Enter the area code (if the call is long distance) and phone number for the ISP and click Next. The name you've specified for the ISP should now appear in the Make New Connection wizard window. Click Finish to complete this part of the setup process.

Once the screen refreshes, right-click the connection you just created and select Properties. On the General tab, clear the Use Area Code And Dialing Properties check box.

At this point, click the Server Types tab to proceed to the configuration changes that will complete your DUN setup. Under Advanced Options, clear Log On To Network. Under Allowed Network Protocols, clear the NetBEUI and IPX/SPX Compatible options, leaving only TCP/IP selected, as shown in Figure C.


Figure C: Only the TCP/IP network protocol should be selected.

Next, click TCP/IP Settings to perform the final steps needed to connect to your ISP. Most ISPs will dynamically assign you a temporary IP address to use for the duration of the time you'll be connected. This is accomplished by a process called Dynamic Host Configuration Protocol (DHCP), which sends the required information to the workstation after a request has been broadcast to get information such as the IP address, subnet mask, and default gateway.

Depending on how your ISP has set up its network, you may not be required to do anything else to connect to the ISP. (Your ISP can provide the details necessary to connect to its system.) The ISP I use (NETCOM) requires that I manually specify the Domain Name Server (DNS) addresses in the setup at my workstation. (When you're looking for a Web address such as or , DNS converts the name you type at the workstation into a numeric address—such as—that's used to connect to the requested service.)

To manually configure the DNS addresses on your system, click Specify Name Server Addresses in the TCP/IP Settings dialog box. Type the IP addresses of the DNS systems, as shown in Figure D. Don't worry about putting in addresses for the Windows Internet Name Server (WINS) servers—most ISP don't use those. Click OK when you finish. You'll need to click OK a second time to close the wizard for this connection.

Figure D: The TCP/IP settings will look similar to these when you manually specify the IP addresses of the DNS systems at your ISP.

Figure D: The TCP/IP settings will look similar to these when you manually specify the IP addresses of the DNS systems at your ISP.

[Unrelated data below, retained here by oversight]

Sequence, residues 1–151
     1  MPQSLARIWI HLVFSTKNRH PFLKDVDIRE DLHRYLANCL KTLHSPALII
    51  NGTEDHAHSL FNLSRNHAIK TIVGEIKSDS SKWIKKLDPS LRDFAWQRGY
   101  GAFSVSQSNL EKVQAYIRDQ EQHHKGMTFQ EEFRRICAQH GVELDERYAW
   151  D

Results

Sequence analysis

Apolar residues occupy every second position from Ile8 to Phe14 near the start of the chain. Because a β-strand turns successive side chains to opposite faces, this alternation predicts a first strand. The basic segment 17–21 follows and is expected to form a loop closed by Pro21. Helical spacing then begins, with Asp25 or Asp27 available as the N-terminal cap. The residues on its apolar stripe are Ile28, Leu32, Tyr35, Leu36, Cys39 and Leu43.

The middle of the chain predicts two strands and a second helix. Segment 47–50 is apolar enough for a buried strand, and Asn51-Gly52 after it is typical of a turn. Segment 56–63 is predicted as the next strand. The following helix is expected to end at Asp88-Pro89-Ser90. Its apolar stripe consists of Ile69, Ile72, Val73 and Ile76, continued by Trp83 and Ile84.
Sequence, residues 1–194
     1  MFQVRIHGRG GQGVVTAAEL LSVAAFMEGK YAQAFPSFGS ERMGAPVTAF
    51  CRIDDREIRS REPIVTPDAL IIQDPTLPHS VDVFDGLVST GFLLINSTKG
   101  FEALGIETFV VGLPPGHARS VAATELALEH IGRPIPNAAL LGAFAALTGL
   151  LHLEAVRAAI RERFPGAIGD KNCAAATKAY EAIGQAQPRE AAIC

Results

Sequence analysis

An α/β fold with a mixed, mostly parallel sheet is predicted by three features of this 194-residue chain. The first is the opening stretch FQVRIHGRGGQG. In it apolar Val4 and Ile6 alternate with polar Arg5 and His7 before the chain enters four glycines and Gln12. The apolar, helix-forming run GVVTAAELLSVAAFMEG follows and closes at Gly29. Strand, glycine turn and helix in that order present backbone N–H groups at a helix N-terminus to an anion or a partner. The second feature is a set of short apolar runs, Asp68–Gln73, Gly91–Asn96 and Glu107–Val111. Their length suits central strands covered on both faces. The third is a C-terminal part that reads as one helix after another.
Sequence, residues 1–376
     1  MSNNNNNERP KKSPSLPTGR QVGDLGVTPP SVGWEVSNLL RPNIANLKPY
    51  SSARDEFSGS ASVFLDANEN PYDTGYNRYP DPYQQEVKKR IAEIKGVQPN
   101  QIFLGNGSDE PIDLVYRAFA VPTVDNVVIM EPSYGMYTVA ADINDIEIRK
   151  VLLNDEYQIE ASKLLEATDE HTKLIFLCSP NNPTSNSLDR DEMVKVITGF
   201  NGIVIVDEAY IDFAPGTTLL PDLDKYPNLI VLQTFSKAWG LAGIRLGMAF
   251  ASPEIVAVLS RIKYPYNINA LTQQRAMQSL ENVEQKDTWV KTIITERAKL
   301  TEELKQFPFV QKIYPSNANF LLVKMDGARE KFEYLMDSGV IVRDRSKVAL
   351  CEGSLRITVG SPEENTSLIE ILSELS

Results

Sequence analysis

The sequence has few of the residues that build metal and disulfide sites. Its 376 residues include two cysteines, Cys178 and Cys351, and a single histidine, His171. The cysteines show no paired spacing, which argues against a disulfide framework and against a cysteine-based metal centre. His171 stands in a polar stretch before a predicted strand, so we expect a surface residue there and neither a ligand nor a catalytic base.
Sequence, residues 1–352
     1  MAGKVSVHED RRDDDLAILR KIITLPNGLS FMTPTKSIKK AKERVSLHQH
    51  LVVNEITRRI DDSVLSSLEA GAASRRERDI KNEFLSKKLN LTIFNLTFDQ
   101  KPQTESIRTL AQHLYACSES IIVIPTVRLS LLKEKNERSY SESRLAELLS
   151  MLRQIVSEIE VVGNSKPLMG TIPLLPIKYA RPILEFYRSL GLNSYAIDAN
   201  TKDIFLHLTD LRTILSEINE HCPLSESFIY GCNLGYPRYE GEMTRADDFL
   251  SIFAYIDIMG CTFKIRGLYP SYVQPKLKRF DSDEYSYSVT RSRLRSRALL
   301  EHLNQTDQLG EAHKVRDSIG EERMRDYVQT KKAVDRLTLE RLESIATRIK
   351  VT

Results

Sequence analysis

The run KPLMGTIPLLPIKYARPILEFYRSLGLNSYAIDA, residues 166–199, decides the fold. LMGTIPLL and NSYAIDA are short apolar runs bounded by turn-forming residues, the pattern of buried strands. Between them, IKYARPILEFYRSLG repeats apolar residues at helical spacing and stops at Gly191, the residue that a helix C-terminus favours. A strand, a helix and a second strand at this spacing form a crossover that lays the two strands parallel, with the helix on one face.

Making the connection

Now all you need to do to establish a connection to the ISP is double-click the connection you created. The first time you execute the connection, you'll need to enter the username and password assigned to you by the ISP. Check with the ISP for the exact format—for example, NETCOM requires me to enter the username as us,ppp,username. Once you've defined and tested a connection, you shouldn't have to make any changes to the configuration unless your ISP modifies its network.

Performance booster

You may want to download the file MSDUN13.EXE from Microsoft. It provides an update to DUN that can help with performance. Although it's primarily intended to address issues with ISDN connectivity, it's boosted the performance of my COM port connection to the ISP. For further details on setting up this type of connection, consult the Windows 95 Resource Kit.

Ronald Nutter is a senior systems engineer in Lexington, Kentucky. He's an MCSE, Novell Master CNE, and Compaq ASE. Ron has worked with networks ranging in size from single servers to multiserver/multi-OS setups, including NetWare, Windows NT, AS/400, 3090, and UNIX. He's also the Help Desk Editor for Network World. You can reach Ron at

For more information or to subscribe, go to the TechRepublic web site at

We at Microsoft Corporation hope that the information in this work is valuable to you. Your use of the information contained in this work, however, is at your sole risk. All information in this work is provided "as -is", without any warranty, whether express or implied, of its accuracy, completeness, fitness for a particular purpose, title or non-infringement, and none of the third-party products or information mentioned in the work are authored, recommended, supported or guaranteed by Microsoft Corporation. Microsoft Corporation shall not be liable for any damages you may sustain by using this information, whether direct, indirect, special, incidental or consequential, even if it has been advised of the possibility of such damages.